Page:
HL7 content is enclosed by special characters to form a Block. The Block format is as follows: <SB>dddd<EB><CR>

  • <SB>: Start Block character (1 byte). ASCII <VT>, i.e., <0x0B>.
  • dddd: Data (variable number of bytes). This is the HL7 data content of the Block.
    The data can contain any single-byte values greater than 0x1F (see below for a discussion of issues related to character encodings) and the ASCII carriage return character, <CR>.
  • <EB>: End Block character (1 byte). ASCII <FS>, i.e., <0x1C>.
  • <CR>: Carriage Return (1 byte). ASCII <CR> character, i.e., <0x0D>.

In pseudo BNF-notation the HL7 Content Block Format is as follows:

HL7-Content-Block = SB, dddd, EB, CR.
     dddd = ( printableChar | CR )-sequence.
     printableChar = 0x20 | 0x21 | 0x22 | .. | 0xFF.
     SB = 0x0B.
     EB = 0x1C.
     CR = 0x0D.

MLLP protocol status information is enclosed by special characters to form a Block.
The Block format for Commit Acknowledgements is as follows: <SB><ACK><EB><CR> or <SB><NAK><EB><CR>

  • <SB>: Start Block character (1 byte). ASCII <VT>, i.e., <0x0B>.
    This should not be confused with the ASCII characters SOH or STX.
  • <ACK> or <NAK>: Either the acknowledgement character (1 byte, ASCII <ACK>, i.e., <0x06>) or the negative-acknowledgement character (1 byte, ASCII <NAK>, i.e., <0x15>).
  • <EB>: End Block character (1 byte). ASCII <FS>, i.e., <0x1C>.
  • <CR>: Carriage Return (1 byte). ASCII <CR> character, i.e., <0x0D>.

In pseudo BNF-notation the Commit Acknowledgement Block Format is as follows:

Commit-Acknowledgement-Block = SB, ( ACK | NAK ), EB, CR.
     SB = 0x0B.
     ACK = 0x06.
     NAK = 0x15.
     EB = 0x1C.
     CR = 0x0D.

Note that the receipt of unframed characters (e.g. characters between <EB><CR> of Block N and <SB> of Block N+1) should be ignored by the Destination system. This type of error shall not be reported using a MLLP Commit Acknowledgement.

The MLLP Block is framed by single-byte values. The characters transmitted within the MLLP Block have to be encoded in such a way that the HL7 Content does not conflict with the byte values used for framing. Some multi-byte character encodings (e.g. UTF-16, UTF-32) may result in byte values equal to the MLLP framing characters or byte values lower than 0x1F, resulting in errors. These character encodings are therefore not supported by MLLP.

Note on supported encodings (FAQ): MLLP supports all single-byte character encodings (e.g. iso-8859-x, cp1252) as well as UTF-8 and Shift_JIS. The byte values used by UTF-8 do not conflict with the byte values used for MLLP framing.

The sending and receiving systems will have to mutually agree upon the encoding used for a given connection. Most applications within a certain geographic/language area share the same character encoding. U.S./Canadian implementations of MLLP typically use the UTF-8 encoding; Western European (Germanic and Latin language areas) implementations typically use the ISO 8859-1 encoding.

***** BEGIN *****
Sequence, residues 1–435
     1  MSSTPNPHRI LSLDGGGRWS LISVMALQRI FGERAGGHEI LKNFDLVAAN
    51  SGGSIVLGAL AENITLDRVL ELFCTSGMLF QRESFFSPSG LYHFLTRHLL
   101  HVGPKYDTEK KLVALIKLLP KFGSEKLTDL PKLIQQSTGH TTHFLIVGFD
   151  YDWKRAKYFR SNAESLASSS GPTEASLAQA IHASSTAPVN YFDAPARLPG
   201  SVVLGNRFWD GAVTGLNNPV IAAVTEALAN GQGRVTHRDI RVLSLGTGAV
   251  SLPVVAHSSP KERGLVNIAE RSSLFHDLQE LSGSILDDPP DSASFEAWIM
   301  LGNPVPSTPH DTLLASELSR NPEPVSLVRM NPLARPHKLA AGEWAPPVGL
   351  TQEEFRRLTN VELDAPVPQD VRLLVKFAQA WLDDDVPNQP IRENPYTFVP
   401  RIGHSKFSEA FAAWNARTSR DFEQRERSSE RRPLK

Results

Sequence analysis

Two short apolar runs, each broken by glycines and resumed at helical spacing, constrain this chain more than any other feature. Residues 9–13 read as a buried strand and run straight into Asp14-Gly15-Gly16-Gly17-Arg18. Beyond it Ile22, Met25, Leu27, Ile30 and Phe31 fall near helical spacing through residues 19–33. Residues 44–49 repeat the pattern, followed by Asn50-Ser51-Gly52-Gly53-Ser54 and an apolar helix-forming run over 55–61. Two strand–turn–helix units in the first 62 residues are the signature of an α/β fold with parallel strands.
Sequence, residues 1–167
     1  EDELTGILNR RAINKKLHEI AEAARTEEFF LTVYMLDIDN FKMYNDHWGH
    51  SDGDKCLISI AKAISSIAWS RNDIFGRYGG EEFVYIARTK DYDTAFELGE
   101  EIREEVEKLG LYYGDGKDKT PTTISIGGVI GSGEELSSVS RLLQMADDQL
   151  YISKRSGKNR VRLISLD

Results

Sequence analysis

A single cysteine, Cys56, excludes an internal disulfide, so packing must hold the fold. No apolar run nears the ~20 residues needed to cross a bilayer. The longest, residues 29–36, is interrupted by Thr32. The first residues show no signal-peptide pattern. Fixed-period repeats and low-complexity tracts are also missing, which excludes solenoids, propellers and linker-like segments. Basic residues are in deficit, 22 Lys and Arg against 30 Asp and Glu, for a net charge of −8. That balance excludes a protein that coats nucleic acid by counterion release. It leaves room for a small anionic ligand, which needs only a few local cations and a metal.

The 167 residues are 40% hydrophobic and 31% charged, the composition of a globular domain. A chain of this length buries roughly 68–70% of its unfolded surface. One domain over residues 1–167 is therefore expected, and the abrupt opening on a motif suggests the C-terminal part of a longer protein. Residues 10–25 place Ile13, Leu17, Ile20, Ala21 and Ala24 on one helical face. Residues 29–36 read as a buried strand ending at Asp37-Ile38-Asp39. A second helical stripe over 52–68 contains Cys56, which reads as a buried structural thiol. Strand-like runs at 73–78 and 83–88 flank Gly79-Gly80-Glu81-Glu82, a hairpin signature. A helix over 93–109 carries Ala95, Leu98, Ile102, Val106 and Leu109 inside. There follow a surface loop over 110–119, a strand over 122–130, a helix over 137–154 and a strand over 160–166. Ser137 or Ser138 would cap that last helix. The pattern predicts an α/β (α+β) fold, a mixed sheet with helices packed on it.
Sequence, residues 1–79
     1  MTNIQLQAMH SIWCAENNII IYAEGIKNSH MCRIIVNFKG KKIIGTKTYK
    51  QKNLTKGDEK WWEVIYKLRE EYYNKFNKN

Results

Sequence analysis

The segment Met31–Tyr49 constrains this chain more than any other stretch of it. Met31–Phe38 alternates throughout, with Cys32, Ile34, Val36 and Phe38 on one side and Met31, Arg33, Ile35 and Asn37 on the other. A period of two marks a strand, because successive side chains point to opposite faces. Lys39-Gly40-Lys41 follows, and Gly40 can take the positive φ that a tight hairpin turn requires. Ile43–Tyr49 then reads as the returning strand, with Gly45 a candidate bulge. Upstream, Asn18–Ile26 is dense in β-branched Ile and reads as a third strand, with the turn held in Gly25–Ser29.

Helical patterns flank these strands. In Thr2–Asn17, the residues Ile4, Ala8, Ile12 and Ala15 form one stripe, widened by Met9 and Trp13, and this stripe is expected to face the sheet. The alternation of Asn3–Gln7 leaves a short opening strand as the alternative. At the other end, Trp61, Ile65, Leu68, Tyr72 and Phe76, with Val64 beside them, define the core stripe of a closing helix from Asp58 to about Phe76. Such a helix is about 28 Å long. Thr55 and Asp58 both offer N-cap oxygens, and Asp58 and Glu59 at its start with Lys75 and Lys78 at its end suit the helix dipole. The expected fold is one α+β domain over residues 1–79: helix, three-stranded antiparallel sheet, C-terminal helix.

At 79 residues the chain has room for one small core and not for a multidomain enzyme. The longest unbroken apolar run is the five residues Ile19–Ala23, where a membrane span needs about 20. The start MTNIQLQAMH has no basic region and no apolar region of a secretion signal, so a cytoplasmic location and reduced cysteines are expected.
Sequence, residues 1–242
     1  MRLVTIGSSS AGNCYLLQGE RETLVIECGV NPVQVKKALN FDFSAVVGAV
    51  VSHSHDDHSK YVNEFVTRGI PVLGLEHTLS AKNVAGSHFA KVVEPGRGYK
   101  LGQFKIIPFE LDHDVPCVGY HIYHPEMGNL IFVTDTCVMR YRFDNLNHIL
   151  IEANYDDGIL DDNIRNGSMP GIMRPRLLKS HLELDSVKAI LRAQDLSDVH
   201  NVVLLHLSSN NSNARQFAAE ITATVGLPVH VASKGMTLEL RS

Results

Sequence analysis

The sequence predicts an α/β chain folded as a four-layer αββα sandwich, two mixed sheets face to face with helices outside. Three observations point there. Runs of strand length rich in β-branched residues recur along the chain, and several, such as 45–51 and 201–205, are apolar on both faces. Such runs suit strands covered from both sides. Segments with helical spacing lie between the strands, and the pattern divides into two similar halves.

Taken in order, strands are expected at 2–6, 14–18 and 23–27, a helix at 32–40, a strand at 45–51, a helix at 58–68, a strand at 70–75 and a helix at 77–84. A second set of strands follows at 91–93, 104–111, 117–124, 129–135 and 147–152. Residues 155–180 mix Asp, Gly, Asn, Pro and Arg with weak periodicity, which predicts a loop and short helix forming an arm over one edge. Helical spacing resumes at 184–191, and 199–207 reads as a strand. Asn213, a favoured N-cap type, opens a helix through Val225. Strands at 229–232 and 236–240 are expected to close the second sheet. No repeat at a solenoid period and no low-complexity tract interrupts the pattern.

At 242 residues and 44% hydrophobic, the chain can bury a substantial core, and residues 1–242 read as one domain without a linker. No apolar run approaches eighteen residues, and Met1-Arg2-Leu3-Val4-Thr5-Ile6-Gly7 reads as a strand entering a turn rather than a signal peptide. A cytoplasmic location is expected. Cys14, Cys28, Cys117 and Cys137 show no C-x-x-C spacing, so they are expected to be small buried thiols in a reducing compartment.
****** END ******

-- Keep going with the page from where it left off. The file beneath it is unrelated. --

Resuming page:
This section contains a number of examples of MLLP-framed HL7 payloads, where <SB> <EB>, <CR>, <ACK> and <NAK> are used to denote the non-printable single-byte values 0x0B, 0x1C, 0x0D, 0x06 and 0x15. They are not to be interpreted as XML-tags.

<SB>
MSH|^~\&|ZIS|1^AHospital|||200405141144||ADT^A01|20041104082400|P|2.3|||
AL|NE|||8859/15|<CR>EVN|A01|20041104082400.0000+0100|20041104082400<CR>
PID||""|10||Vries^Danny^D.^^de||19951202|M|||Rembrandlaan^7^Leiden^^7301TH^""
^^P||""|""||""|||||||""|""<CR>PV1||I|3w^301^""^01|S|||100^van den Berg^^A.S.
^^""^dr|""||9||||H||||20041104082400.0000+0100<CR>
<EB><CR> 
<SB>
<?xml version="1.0" encoding="ISO-8859-15"?>
	<MFMT_IN10001NL xmlns="urn:hl7-org:v3" xmlns:voc="urn:hl7-org:v3/voc" 
	         xmlns:xsi="http://www.w3.org/2001/XMLSchema-instance">
	<id extension="10213" root="2.16.840.1.113883.2.4.99.1.700222.1"/>
	<creationTime value="20050216140000"/>
	<versionId>V3ED2005</versionId>
	<interactionId extension="MFMT_IN100010NL" root="2.16.840.1.113883"/>
	<processingCode code="P"/>
	. . .
	. . .
	</MFMT_IN10001NL>
<EB><CR>
<SB>				
<?xml version="1.0"?>
     <ClinicalDocument xmlns="urn:hl7-org:v3" xmlns:voc="urn:hl7-org:v3/voc" 
     xmlns:xsi="http://www.w3.org/2001/XMLSchema-instance" 
     xsi:schemaLocation="urn:hl7-org:v3 CDA.ReleaseTwo.Dec.2003.xsd">

	<id extension="c266" root="2.16.840.1.113883.3.933"/>
	<code code="11488-4" codeSystem="2.16.840.1.113883.6.1" 
               displayName="Consultation note"/>
	<title>Good Health Clinic Consultation Note</title>
	<effectiveTime value="20040407"/>
	<setId extension="BB35" root="2.16.840.1.113883.3.933"/>
	<versionNumber value="2"/>		
			. . .
			. . .
     </ClinicalDocument>
<EB><CR>
<SB><ACK><EB><CR>

The specification of MLLP Release 1 is based on the HL7 Implementation Guide for HL7 version 2.3.1, appendix C "Lower Layer Protocols", section C.4